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Singapore’s Defense Budget Climbs 5.7 Percent

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Asia Defense

Singapore’s Defense Budget Climbs 5.7 Percent

Singapore’s defense minister is worried about hybrid warfare and wants to remake the military.

Singapore’s Defense Budget Climbs 5.7 Percent
Credit: US Navy

Singapore’s defense budget will increase by 5.7 percent in nominal terms to $9.5 billion for fiscal year (FY) 2015, according to numbers published by the Singaporean Ministry of Finance (MOF) this week. In addition, IHS Jane’s Defence Weekly reports that defense expenditure will increase as a proportion of GDP for the first time since 2009, rising from 3.2 percent of GDP in 2014 to 3.3 percent for 2015.

This is in accordance with Singapore’s policy of gradual increases to military spending. “Our approach is to plan long-term and maintain defense expenditures steadily,” Singapore’s Minister for Defense Ng Eng Hen noted in a speech in front of the parliament at the beginning of this month.

During that speech, the defense minister also emphasized that the SAF (Singapore’s Armed Forces) needs “to re-make itself in response to a changing landscape from new security threats,” such a hybrid warfare, by stepping up investments in cyber defenses, unnamed aerial vehicles, information technology, robotics, and artificial intelligence.

The majority of ASEAN countries have failed to develop a domestic defense industry, yet Singapore is a notable exception, “with capabilities on par with international competitors,” as a McKinsey & Company study states. For example, Singapore is a Security Cooperative Participant (SCP) in the United States’ F-35A combat aircraft program and is expected to place an order this year.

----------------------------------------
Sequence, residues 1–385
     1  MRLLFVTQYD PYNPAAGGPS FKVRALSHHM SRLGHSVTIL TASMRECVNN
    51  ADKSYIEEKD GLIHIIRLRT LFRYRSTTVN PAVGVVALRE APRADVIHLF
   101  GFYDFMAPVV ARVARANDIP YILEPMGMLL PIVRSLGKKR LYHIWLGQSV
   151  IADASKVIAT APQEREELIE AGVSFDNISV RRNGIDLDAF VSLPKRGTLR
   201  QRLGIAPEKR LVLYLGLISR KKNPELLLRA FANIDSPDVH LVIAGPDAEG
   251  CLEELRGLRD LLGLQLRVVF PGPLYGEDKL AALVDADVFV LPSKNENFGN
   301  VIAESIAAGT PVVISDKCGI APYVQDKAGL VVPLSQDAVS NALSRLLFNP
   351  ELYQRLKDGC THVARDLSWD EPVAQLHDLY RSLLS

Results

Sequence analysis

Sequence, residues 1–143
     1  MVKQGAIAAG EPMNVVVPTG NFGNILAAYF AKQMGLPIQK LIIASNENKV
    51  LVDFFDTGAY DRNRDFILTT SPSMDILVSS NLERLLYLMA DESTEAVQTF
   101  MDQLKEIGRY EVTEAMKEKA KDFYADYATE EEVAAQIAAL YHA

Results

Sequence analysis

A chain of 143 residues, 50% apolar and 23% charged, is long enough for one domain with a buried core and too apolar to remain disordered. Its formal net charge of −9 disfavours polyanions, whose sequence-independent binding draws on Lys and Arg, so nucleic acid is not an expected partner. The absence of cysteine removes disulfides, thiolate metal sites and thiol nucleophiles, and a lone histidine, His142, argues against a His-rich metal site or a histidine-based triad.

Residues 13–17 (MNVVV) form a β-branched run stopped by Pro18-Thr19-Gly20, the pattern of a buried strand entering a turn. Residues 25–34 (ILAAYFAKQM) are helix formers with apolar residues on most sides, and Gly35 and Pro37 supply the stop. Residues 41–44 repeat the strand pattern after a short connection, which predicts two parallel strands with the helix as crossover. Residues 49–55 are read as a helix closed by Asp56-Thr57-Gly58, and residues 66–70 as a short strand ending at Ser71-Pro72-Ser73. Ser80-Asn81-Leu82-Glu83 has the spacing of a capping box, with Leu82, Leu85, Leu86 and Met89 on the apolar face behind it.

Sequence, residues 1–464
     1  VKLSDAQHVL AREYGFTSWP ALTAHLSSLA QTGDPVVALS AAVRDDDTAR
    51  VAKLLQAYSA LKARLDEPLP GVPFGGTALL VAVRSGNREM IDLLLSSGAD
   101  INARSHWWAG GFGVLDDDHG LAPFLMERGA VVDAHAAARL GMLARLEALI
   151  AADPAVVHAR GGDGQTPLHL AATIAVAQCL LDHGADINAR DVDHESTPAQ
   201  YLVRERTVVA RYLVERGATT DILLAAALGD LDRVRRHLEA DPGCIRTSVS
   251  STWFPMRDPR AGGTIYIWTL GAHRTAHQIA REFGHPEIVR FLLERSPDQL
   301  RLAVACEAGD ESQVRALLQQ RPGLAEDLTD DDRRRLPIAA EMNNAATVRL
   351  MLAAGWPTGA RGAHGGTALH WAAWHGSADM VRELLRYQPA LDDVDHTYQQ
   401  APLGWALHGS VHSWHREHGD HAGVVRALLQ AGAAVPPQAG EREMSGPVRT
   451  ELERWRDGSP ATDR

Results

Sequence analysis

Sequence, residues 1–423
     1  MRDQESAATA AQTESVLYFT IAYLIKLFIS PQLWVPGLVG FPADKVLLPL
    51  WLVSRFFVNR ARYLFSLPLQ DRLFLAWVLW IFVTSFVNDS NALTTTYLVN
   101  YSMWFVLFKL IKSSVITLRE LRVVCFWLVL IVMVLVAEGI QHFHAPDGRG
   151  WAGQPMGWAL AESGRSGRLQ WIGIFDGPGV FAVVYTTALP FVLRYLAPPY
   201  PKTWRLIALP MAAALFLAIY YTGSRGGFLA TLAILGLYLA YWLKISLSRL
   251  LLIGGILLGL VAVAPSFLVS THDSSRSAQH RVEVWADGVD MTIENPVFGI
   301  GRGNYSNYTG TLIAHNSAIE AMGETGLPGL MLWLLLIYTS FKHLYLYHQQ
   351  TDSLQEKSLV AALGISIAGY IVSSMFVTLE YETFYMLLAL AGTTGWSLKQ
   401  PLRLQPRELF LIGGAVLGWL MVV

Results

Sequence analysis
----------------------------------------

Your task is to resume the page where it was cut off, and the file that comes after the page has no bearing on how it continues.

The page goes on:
The defense minister, however, emphasized, that “people remain our greatest and indispensable asset.” In the long-term the city state will suffer from a manpower shortage – Singapore has a rapidly aging population, “so each time a platform is planned, in fact, one of the key questions is how can do it with less people,” he explained during the 2015 Committee of Supply debate.

The minister further notes that the default for the Ministry of Defense and the military is to upgrade existing platforms rather than buying new ones, “unless only new equipment provides clearly superior and needed capabilities.” However, Singapore is one of the largest weapon importers in the world and it is currently actively phasing out older platforms.

Among other things, the Singaporean Navy will gradually replace its Fearless-class patrol vessels with eight new locally-built littoral mission vessels. The Navy has also ordered two new Type 218SG attack submarines from ThyssenKrupp Marine Systems, the first of which will be delivered by 2020. The army will receive new protected response vehicles, replacing the old V200. Also, Singapore will replace its fleet of Super Puma helicopters over the next decade. In 2014, Singapore also ordered six A330 tanker aircraft from Spain. Additionally between 2010 to 2014, Singapore received 32 F-15E combat aircraft from the United States and is also considering upgrading its fleet of 63 F-16 Fighting Falcons.

The twin pillars of Singapore’s defense policy are deterrence and diplomacy, according the Ministry of Defense’s website.  The latter is an acknowledgement of the geostrategic  limitations that the small city-state faces in a region where defense spending has increased an average of 11 percent per year over the last decade, and where China’s military spending has quadrupled over the same time span.

“Our defense relations with China are excellent, and we acknowledge China’s desire to play a peaceful and constructive role in this region,” Ng Eng Hen underlined in his speech. Yet, by 2018, Singapore will also be home to four U.S. Navy littoral combat ship (LCS), which will be rotationally deployed as part of of Washington’s pivot to Asia.